Transitioning Through A Career Change – What You Need To Know

A transition is not embraced instantly, it’s a process of making your belief system stronger.

When I deal with my clients through a transition, as a coach I have deep interest towards neuroscience techniques and the changes it brings to the brain and body connection every time we undergo a change or transition.

I can clearly see, we as humans have a lot of resistance to change and even with a known fact ‘The only thing that is constant is change’.

One of the best descriptions of change is ‘it is the process of replacing something with something better’. The important fact that we can note here is, change is better when it is replaced with something newer or better that what you already have.

Career transition is also skimmed in the same thought process. A change in career has to be something that answers the ‘WHY and WHAT of your goal. If you have a strong resonance to the WHY factor then all your fear of what to expect subsides.

As a career and transition coach, I believe the right questions help us to think better.

So, what are the key questions that you should deliberate to sail through a career transition:

1. Why is this change important to me? Most of the time we don’t have a clear answer to this question. We are in a transition maybe because the whole world is moving and suddenly you feel that there is no growth in your career. A propitious reason on why this change is important should be deeper than you regular thoughts of just a job change. Sometimes being cynical to our thoughts helps us to make better judgements and gives you the courage to move on.

2. What is it, that is non-negotiable with this change? Your belief and your values define you. No matter what may be the transition in a career or in life, there are a few values that stay with you. For example, if the career transition demands you to let go of your health and sanity, is the transition worth the change?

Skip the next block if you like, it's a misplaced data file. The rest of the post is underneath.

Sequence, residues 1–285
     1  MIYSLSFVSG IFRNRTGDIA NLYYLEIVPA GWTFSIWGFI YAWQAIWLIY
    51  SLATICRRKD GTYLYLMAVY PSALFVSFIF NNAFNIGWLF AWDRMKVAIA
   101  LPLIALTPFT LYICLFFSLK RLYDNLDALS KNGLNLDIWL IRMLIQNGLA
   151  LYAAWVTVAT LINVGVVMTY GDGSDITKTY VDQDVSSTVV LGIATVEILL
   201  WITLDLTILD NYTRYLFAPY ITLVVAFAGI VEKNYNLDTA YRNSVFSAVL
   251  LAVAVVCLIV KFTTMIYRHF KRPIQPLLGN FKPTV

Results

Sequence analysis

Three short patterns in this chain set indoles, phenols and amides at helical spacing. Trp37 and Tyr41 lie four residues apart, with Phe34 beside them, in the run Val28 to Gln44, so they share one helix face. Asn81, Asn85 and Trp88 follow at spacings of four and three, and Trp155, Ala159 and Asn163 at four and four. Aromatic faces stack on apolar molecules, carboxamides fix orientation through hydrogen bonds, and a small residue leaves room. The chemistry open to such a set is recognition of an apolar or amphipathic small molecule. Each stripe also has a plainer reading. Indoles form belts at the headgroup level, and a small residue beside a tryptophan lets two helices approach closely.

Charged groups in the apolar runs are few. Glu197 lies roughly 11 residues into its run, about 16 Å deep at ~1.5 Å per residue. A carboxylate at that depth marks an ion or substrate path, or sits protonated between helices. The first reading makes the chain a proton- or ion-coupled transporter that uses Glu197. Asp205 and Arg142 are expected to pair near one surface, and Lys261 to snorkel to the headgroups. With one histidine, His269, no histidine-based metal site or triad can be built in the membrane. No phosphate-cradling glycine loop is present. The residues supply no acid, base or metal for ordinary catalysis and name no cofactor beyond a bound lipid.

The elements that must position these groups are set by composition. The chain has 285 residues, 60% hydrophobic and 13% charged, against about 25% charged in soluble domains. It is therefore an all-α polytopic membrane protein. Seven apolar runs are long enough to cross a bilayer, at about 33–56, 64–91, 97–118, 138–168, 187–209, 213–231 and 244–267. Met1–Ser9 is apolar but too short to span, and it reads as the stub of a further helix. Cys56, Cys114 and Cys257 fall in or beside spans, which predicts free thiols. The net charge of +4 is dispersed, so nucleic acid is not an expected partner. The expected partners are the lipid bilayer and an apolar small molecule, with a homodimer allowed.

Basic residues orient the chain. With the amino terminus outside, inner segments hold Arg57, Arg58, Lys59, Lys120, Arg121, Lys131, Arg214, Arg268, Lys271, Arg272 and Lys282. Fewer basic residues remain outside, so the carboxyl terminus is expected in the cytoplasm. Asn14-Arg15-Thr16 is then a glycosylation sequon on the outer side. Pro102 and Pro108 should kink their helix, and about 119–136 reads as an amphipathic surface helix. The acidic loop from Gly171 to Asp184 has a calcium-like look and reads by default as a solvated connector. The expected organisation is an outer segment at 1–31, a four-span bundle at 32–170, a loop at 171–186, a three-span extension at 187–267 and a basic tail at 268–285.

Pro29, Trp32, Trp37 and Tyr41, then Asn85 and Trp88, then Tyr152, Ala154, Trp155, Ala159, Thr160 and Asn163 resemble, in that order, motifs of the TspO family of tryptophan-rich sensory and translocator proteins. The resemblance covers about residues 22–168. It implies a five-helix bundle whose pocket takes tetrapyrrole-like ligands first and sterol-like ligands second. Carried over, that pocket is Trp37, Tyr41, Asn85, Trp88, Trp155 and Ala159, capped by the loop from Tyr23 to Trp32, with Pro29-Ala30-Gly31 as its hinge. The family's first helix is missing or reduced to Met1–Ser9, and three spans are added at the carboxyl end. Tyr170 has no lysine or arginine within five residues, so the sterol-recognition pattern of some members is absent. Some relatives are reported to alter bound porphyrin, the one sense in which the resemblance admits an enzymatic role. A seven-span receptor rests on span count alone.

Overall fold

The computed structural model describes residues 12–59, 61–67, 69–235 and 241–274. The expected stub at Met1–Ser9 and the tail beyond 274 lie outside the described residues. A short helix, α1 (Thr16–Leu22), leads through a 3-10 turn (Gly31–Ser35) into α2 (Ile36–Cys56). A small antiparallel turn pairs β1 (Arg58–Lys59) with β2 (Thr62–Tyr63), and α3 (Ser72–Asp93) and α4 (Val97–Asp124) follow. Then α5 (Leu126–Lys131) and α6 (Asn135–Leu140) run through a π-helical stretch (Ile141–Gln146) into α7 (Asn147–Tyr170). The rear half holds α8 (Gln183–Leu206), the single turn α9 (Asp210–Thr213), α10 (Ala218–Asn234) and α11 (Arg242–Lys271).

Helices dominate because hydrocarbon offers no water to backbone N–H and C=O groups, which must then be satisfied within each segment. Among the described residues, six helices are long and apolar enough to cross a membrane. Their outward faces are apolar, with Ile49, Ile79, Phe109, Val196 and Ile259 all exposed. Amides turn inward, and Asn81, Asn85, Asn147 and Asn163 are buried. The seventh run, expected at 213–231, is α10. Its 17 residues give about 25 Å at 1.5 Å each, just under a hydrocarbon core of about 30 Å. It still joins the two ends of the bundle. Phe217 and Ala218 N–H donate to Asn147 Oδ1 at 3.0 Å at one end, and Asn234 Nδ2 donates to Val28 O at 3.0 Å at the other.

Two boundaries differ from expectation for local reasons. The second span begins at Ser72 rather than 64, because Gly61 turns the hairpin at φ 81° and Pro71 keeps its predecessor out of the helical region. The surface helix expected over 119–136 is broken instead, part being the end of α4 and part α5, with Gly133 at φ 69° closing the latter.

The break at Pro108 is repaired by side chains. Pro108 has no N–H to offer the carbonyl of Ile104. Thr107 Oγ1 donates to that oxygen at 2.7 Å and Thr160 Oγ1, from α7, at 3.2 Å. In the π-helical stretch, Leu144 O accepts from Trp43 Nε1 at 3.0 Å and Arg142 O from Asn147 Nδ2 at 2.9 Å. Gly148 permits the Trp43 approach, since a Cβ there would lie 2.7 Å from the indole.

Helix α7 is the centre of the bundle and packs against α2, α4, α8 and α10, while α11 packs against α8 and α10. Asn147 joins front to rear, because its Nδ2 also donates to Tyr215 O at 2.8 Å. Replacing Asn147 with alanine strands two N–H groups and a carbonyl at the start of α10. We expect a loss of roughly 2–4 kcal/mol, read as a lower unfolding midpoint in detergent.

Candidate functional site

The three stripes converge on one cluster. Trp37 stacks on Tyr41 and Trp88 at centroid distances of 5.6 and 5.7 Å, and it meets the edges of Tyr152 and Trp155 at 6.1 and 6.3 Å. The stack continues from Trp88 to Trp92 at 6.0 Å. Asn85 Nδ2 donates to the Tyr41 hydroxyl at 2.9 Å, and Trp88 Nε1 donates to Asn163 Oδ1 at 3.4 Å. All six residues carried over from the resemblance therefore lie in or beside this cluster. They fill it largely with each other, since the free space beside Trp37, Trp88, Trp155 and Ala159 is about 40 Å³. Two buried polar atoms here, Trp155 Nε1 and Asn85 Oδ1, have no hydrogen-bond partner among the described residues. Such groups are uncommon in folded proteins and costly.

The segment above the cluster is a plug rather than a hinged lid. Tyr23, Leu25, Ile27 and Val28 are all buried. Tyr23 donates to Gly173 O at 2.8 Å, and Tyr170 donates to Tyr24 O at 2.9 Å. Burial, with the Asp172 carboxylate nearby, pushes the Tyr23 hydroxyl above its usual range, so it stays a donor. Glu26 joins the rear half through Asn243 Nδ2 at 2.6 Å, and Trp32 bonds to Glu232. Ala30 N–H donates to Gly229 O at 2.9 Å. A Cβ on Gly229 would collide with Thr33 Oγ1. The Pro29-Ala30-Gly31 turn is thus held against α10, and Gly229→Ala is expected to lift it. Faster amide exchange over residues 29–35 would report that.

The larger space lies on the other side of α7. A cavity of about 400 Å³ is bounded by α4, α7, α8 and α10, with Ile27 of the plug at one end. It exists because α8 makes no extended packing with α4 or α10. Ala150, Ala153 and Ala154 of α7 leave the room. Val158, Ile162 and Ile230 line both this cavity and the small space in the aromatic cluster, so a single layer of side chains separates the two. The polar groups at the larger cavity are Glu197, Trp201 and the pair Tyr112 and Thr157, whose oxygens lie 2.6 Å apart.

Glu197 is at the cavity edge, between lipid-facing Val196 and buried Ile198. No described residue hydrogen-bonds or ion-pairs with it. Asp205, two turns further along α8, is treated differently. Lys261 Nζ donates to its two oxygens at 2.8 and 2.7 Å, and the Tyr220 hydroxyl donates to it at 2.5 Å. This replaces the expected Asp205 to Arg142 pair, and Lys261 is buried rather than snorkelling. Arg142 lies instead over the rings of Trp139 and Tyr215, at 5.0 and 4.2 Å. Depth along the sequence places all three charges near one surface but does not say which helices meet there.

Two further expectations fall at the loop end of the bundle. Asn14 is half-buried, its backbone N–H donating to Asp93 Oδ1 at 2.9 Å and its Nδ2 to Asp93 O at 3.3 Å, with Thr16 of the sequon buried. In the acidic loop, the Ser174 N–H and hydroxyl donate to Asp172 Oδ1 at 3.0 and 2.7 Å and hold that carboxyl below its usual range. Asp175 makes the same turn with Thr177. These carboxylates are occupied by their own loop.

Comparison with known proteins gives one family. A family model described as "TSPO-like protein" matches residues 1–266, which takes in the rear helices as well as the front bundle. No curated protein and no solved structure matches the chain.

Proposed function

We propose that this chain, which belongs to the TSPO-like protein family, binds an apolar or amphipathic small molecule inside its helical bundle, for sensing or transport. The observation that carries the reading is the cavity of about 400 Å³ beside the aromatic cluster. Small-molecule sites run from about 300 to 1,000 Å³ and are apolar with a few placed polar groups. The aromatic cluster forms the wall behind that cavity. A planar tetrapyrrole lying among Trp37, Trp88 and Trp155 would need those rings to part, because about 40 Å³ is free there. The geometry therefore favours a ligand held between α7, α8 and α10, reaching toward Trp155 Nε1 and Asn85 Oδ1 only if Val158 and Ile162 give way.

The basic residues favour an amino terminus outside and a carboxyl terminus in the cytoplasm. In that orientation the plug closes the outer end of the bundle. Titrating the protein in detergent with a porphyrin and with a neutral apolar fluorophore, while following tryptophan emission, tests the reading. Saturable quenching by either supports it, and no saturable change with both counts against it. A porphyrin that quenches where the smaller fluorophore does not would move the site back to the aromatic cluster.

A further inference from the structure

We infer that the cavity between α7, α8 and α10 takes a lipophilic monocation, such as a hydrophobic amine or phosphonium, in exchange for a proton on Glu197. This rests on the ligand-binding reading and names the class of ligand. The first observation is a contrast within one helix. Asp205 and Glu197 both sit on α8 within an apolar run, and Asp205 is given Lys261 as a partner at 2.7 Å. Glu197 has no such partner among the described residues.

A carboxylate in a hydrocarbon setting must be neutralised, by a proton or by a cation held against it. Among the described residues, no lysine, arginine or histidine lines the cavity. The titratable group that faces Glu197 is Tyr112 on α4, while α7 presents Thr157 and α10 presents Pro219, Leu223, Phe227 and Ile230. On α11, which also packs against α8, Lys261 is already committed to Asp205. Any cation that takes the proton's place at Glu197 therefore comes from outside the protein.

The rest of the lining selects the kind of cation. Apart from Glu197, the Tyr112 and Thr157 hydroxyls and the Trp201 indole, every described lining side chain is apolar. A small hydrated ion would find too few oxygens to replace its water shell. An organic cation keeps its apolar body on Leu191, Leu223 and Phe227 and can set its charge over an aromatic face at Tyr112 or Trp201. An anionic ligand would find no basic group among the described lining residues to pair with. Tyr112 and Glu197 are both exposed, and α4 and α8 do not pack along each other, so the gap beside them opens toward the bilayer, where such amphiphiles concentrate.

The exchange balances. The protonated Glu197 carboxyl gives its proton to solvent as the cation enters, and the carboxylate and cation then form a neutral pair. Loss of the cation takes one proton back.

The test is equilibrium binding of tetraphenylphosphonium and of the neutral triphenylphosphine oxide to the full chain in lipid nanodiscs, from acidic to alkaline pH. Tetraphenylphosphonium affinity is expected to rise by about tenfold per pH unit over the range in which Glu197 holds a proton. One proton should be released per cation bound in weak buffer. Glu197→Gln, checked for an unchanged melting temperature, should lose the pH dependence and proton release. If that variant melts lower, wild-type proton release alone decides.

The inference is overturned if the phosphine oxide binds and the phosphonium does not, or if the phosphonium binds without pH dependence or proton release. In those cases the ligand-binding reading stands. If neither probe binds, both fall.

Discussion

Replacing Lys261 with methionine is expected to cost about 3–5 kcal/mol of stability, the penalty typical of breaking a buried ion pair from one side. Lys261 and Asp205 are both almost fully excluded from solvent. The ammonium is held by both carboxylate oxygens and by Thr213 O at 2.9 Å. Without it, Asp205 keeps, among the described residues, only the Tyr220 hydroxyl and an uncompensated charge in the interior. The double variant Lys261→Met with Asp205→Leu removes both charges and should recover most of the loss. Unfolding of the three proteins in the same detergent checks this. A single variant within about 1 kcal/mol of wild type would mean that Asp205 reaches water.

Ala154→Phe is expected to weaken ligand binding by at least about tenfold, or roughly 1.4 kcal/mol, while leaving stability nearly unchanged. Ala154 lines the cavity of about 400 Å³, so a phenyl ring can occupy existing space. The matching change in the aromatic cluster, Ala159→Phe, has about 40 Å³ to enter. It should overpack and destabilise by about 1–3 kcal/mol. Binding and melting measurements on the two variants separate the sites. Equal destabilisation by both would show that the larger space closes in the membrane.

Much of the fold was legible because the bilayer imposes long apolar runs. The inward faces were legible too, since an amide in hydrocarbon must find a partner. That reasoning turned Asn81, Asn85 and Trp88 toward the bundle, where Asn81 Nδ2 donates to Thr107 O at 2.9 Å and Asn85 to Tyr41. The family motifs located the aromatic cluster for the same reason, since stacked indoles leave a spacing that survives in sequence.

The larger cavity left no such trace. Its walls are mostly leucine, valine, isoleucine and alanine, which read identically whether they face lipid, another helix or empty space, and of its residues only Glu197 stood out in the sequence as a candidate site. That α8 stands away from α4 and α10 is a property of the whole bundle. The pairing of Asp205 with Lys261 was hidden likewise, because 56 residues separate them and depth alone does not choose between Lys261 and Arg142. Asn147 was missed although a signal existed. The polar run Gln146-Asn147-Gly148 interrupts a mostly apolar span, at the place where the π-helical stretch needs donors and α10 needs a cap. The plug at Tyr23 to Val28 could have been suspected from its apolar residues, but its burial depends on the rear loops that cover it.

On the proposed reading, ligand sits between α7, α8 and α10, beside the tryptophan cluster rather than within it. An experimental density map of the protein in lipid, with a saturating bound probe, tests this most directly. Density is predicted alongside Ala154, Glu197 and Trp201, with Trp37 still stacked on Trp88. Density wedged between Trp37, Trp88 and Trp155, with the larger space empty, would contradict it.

3. What is your worst fear with this transition? As humans we all tend to go through the ‘Fright or Flight’ syndrome. To deal with the unexpected is a battle in the dark. If you fear that a career transition may be a bad decision then it means that you have not ascertained your WHY factor deeply. Psychological experts say that even if you are slightly aware of what can go wrong when the decision is not favourable, the brain can reverse the effect and start progressing as a growth mindset.

4. What is your support system? Do you have one? A smooth career transition needs to brace for changes. Our emotional and moral support from family, friends and co-workers goes a long way to reach the desired career goal. This situation can be seen more prominently in case where a person returns to the work place after a sabbatical. A good reinforcement from people around us makes us the best at what we are. Some call it ‘Motivation’.

5. What’s the best thing that will happen to you, with this transition? Vision is everything. As a coach I believe that you have to start seeing yourself in the place you want to be. You start feeling congenial in the transition. The career you dreamed of will come to reality with grit. It’s great to speak about your transition and be completely responsible for all that happens with it but the real joy of evolution happens when you own your decision making.

6. How and when will you celebrate success of this transition? Your definition of ‘success’ may be completely different from mine. With any transition there is an end goal.

If your journey has no route map then career transition may seem more of ride than an ambition. Timely rewards and quick wins on a career transition eases the burden and makes it more exciting.